Public Sector Leadership
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Public Sector Leadership

International Challenges and Perspectives

Edited by Jeffrey A. Raffel, Peter Leisink and Anthony E. Middlebrooks

The authors of this book define the issues facing public authorities and organizations in a range of developed nations as they address the challenges of the 21st century. They examine an array of ways leaders across these nations are addressing these challenges. The result is a comprehensive analysis of ways to improve leadership in the public sector and of the role of political and administrative leaders in shaping the future of the public sector. The overriding question addressed by this volume is how public leadership across the globe addresses new challenges (e.g., security, financial, demographic), new expectations of leaders (e.g., New Public Management, multi-sector service provision), and what leadership means in the new public sector.
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Chapter 3: Explaining Radical Policy Change Against All Odds: The Role of Leadership, Institutions, Program Design and Policy Windows

Harald Sætren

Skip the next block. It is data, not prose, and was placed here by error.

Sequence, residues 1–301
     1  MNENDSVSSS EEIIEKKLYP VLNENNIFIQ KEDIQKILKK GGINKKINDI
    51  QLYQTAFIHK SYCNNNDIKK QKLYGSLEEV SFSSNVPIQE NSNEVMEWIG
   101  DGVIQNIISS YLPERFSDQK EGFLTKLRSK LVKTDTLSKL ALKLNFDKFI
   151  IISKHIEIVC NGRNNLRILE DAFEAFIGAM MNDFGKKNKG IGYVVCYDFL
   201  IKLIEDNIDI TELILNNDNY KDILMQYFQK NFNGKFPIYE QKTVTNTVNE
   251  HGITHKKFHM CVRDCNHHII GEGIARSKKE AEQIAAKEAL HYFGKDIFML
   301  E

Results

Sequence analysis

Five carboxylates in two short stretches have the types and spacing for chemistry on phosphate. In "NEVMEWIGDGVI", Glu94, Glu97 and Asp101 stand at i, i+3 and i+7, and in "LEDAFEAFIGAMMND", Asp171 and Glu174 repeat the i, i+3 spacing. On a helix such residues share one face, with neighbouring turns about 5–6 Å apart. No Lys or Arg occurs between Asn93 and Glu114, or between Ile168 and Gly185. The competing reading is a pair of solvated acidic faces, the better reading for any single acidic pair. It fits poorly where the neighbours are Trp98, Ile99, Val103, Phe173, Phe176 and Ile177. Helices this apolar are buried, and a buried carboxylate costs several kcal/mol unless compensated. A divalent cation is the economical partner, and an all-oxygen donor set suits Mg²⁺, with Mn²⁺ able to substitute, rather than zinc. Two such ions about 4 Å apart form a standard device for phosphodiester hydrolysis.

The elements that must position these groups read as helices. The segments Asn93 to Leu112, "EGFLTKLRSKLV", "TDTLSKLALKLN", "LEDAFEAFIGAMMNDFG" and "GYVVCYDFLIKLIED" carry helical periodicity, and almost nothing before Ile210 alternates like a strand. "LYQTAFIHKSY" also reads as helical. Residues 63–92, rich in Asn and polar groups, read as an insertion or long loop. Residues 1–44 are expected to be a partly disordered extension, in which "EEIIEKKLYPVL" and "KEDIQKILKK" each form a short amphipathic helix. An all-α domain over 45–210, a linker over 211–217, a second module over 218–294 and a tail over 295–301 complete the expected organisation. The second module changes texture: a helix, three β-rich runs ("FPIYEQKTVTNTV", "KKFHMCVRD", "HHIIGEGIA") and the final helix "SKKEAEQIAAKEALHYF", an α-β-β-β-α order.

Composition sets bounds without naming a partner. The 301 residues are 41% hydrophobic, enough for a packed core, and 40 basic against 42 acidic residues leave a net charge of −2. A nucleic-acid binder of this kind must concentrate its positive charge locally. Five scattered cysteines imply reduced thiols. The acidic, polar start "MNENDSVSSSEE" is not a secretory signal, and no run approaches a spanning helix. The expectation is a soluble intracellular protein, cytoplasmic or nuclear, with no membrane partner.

Harald Sætren INTRODUCTION By the mid-1990s Britain was considered the undisputed leader in Western Europe, having initiated and carried through large-scale reforms in the public sector since 1980, and ranked second only to New Zealand in a global perspective (Naschold 1996, p. 23). The precipitating events to this more recent reform era, nowadays commonly referred to as new public management (NPM), manifested themselves somewhat earlier in Britain than New Zealand. Thus, the claim that Britain was the cradle of the NPM movement seems quite plausible. Before 1980 things were quite different. Britain was a laggard rather than a leader in terms of public sector reforms. Obstacles to substantial change in well established institutions and practices were considered almost insuperable (Chapman and Greenaway 1980; Garrett 1980; Metcalfe and Richards 1992; Plowden 1980; Ponting 1986). This pessimistic assessment of the British civil service was probably quite accurate given the dismal track records of previous reform efforts. How then can we explain Britain’s transition from laggard to leader in public sector reforms within this relatively short time period? This is the main research question of this chapter. In order to find an answer, we have to go back to the beginning of this new reform period in Britain and identify the crucial events and circumstances that both enabled and triggered the dramatic policy shift that took place. Thus, we have to focus on the Thatcher government that came to power in 1979 with a very ambitious public sector reform program and a...

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